Be it OpenAI’s ChatGPT or generative AI versions of Microsoft and Google’s search engines, all have already made a successful foray into the artificial intelligence (AI) field. However, tech giant Apple is yet to make its AI debut. With the sudden rise of generative AI, we might see the Cupertino giant take the AI route.
In a recent Power On newsletter, Bloomberg’s Mark Gurman says Apple was surprised by the industry’s sudden AI fever this year. As a result, the company is reportedly working on multiple generative AI-based features covering many of its apps and services, which could be added in the next version of the iOS operating system, iOS 18.
“There’s a lot of anxiety about this and it’s considered a pretty big miss internally,” a person with knowledge of the matter told Power On.
According to Gurman, Apple has developed its own large-language model called Ajax and has rolled out an internal chatbot dubbed “Apple GPT” to test the functionality.
Apple’s Senior Vice Presidents in charge of AI and software engineering, John Giannandrea and Craig Federighi, lead the project. Eddy Cue, the head of services, is involved in the AI project.
Giannandrea is said to be overseeing the development of the underlying technologies for a new AI system. Also, his team is revamping Siri to deeply integrate it with AI, which could be ready as soon as next year, adds Gurman. In the meantime, Federighi’s software engineering group is adding AI to the next version of iOS.
“There’s an edict to fill it with features running on the company’s large language model, or LLM, which uses a flood of data to hone AI capabilities. The new features should improve how both Siri and the Messages app can field questions and auto-complete sentences, mirroring recent changes to competing services,” Gurman writes.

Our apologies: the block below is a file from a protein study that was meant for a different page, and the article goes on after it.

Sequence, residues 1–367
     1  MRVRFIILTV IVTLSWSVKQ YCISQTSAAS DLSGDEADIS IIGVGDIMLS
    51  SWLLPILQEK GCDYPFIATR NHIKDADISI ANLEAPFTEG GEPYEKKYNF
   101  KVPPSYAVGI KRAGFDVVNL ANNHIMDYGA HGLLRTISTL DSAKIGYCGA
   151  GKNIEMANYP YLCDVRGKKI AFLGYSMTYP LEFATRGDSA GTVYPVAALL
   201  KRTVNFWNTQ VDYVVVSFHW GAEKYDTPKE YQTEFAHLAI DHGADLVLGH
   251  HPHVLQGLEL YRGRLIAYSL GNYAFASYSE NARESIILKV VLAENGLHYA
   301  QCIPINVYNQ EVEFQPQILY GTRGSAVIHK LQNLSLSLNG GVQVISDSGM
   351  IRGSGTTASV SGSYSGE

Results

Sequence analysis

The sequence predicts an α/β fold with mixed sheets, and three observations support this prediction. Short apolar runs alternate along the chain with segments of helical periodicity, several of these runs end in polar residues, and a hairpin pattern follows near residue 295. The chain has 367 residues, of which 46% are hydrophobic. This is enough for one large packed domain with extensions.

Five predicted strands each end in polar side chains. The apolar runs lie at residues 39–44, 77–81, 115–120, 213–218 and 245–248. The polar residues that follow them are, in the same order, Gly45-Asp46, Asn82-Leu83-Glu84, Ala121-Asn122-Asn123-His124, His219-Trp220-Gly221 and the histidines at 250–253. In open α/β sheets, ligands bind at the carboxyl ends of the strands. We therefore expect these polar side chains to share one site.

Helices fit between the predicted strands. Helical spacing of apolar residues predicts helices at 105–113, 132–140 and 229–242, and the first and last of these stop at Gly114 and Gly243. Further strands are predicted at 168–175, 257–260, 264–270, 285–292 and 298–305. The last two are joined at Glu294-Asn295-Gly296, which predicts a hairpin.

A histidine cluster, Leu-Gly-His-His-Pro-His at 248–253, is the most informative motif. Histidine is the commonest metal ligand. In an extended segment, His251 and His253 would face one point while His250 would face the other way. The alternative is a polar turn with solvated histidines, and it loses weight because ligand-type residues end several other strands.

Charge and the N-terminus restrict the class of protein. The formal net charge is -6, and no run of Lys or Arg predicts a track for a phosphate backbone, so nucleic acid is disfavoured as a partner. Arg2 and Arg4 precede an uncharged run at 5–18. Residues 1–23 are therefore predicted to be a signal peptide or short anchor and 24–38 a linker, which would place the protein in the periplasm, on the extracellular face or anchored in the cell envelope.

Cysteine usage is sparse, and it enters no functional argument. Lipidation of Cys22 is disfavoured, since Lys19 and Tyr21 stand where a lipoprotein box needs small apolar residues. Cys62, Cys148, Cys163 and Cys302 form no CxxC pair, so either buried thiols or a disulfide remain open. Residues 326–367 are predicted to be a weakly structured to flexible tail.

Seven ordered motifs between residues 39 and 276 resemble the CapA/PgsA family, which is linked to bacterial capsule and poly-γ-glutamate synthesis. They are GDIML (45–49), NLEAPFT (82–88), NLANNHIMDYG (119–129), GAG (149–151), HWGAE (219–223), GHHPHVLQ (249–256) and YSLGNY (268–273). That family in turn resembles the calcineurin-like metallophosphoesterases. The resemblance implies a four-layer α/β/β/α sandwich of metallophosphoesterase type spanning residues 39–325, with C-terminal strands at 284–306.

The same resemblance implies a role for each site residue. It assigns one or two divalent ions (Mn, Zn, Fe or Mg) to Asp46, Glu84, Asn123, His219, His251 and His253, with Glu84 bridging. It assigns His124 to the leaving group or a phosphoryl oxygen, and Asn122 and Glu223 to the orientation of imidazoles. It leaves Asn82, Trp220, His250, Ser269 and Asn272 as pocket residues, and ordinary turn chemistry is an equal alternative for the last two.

“Apple’s software engineering teams are also looking at integrating generative AI into development tools like Xcode, a move that could help app developers write new applications more quickly.”
In addition, Cue’s team is examining how generative AI can be added to Apple’s productivity apps like Pages or auto-create slide decks in Keynote and exploring new features for Apple Music, including auto-generated playlists. The company is also testing generative AI for internal customer service apps within its AppleCare group.
Apple is reportedly likely to spend $1 billion annually on AI research. However, an internal debate is currently going on within the company on whether Apple should deploy generative AI as a completely on-device experience, a cloud-based setup, or a hybrid approach.